Helen Kevin - Court action

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27 October 2011
Court actions

Footscray conveyancer Helen Kevin has had her business shut down and risks jail if she breaches a Supreme Court order banning her from doing conveyancing work, after failing to pay or deliver up $2.2 million in client funds.

On Friday 23 September, the Supreme Court of Victoria made final orders against Ms Kevin, 40, also known as Helen Nguyen, preventing her from performing the functions of a conveyancer and from handling or receiving trust money.

The court also agreed with Consumer Affairs Victoria’s request to wind up her business, Star Wool Conveyancing. 

A Consumer Affairs Victoria investigation found Ms Kevin:

  • failed to maintain any permanent accounting records, as required under the Conveyancers Act 2006
  • had continued to act as a conveyancer despite her licence being suspended and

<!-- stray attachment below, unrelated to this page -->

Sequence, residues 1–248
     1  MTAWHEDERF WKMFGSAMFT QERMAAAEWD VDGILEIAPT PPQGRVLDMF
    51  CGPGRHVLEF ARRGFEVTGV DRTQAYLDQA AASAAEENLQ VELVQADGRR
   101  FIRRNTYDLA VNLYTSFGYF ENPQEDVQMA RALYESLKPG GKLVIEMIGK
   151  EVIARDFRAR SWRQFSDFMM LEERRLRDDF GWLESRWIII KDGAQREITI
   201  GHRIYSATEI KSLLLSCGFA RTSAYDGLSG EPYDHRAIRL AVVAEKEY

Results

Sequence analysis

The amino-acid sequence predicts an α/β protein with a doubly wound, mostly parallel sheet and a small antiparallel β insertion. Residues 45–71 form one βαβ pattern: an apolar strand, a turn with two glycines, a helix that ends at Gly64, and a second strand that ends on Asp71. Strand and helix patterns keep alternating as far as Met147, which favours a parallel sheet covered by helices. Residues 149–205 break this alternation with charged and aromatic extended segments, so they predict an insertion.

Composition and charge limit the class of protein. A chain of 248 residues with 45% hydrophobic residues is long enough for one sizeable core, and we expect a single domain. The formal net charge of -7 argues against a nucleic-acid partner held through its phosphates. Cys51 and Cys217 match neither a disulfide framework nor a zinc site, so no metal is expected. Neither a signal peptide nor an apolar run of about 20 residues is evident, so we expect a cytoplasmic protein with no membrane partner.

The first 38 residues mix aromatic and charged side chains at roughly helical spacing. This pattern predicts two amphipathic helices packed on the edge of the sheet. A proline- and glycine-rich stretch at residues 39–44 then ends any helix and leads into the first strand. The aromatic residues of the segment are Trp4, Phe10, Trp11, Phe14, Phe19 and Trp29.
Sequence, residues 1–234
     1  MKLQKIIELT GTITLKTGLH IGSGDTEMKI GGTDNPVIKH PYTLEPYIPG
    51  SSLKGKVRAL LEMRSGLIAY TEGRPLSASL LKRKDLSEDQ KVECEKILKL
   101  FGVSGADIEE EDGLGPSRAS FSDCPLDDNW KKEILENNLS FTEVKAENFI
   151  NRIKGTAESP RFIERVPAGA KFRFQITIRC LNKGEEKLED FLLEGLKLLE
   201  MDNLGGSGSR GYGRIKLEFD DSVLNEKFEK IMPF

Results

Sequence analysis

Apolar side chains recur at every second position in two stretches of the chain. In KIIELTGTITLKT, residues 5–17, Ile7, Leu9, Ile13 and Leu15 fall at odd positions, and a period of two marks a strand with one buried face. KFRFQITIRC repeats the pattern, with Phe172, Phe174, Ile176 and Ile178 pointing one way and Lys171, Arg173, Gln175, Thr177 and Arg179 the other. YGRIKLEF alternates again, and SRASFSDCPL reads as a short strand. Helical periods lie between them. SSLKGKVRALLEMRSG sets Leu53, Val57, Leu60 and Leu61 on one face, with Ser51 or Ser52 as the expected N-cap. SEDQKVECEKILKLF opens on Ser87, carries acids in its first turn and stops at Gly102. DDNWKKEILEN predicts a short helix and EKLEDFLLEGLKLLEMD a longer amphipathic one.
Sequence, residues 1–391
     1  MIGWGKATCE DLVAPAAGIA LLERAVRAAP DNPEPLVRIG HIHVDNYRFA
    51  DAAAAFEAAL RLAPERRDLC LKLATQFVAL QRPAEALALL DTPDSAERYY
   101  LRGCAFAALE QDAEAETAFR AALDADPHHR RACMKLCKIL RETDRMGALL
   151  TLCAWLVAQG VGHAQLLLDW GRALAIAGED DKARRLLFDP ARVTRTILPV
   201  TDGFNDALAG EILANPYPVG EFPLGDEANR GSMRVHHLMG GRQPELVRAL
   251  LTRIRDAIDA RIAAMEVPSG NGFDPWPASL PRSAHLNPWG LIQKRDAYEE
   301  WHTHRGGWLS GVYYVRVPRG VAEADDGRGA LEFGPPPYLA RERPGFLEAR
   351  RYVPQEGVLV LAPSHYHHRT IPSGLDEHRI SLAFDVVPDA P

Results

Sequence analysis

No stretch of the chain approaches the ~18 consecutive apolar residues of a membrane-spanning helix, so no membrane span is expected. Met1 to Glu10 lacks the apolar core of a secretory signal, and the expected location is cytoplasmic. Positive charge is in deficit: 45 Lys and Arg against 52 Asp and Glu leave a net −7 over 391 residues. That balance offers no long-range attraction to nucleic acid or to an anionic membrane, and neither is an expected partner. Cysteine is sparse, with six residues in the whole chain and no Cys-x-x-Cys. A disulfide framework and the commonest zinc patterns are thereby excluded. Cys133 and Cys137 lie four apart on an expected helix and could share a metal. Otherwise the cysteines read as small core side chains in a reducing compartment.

• had failed to account for $2.2 million of trust money.

In his decision, Justice Stephen Kaye described Ms Kevin's offending as 'egregious', and noted that her victims were 'probably people who had just made their way to this country and are doing their best to make their way in it.' 

Several of Ms Kevin’s clients were of Vietnamese and Chinese background and had a poor level of English. Consumer Affairs Victoria helped those clients make claims against the Victorian Property Fund (VPF), to ensure their property settlement transactions would take place as planned, despite Ms Kevin being unable to account for their funds. 

The VPF has so far paid out the $2.2 million to 13 of Ms Kevin’s clients. Other claims are being assessed. 

The fund offers compensation for monetary loss due to misappropriation by a licensed estate agent or a licensed conveyancer, or an employee of those professions.

Justice Kaye’s orders preventing Ms Kevin from working as a conveyancer also apply to anyone who assists her to work in the industry. 

Star Wool Conveyancing, based at 250 Barkly Street Footscray, was placed in receivership and Martin Galea appointed as receiver. 

Ms Kevin was ordered to pay Consumer Affairs Victoria’s court costs.

For more information on seeking compensation from the Victorian Property Fund, view our Compensation claims - property page.